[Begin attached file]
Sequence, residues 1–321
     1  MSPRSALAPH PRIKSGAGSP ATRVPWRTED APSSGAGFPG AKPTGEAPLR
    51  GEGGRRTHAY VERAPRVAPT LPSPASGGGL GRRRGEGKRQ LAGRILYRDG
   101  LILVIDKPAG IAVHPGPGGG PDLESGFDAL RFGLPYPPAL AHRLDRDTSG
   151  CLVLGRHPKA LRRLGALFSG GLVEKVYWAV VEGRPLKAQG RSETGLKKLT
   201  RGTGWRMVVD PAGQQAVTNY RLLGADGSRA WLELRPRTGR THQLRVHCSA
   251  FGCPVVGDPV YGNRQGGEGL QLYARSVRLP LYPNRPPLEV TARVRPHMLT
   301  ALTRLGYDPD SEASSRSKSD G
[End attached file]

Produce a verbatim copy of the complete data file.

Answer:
Sequence, residues 1–321
     1  MSPRSALAPH PRIKSGAGSP ATRVPWRTED APSSGAGFPG AKPTGEAPLR
    51  GEGGRRTHAY VERAPRVAPT LPSPASGGGL GRRRGEGKRQ LAGRILYRDG
   101  LILVIDKPAG IAVHPGPGGG PDLESGFDAL RFGLPYPPAL AHRLDRDTSG
   151  CLVLGRHPKA LRRLGALFSG GLVEKVYWAV VEGRPLKAQG RSETGLKKLT
   201  RGTGWRMVVD PAGQQAVTNY RLLGADGSRA WLELRPRTGR THQLRVHCSA
   251  FGCPVVGDPV YGNRQGGEGL QLYARSVRLP LYPNRPPLEV TARVRPHMLT
   301  ALTRLGYDPD SEASSRSKSD G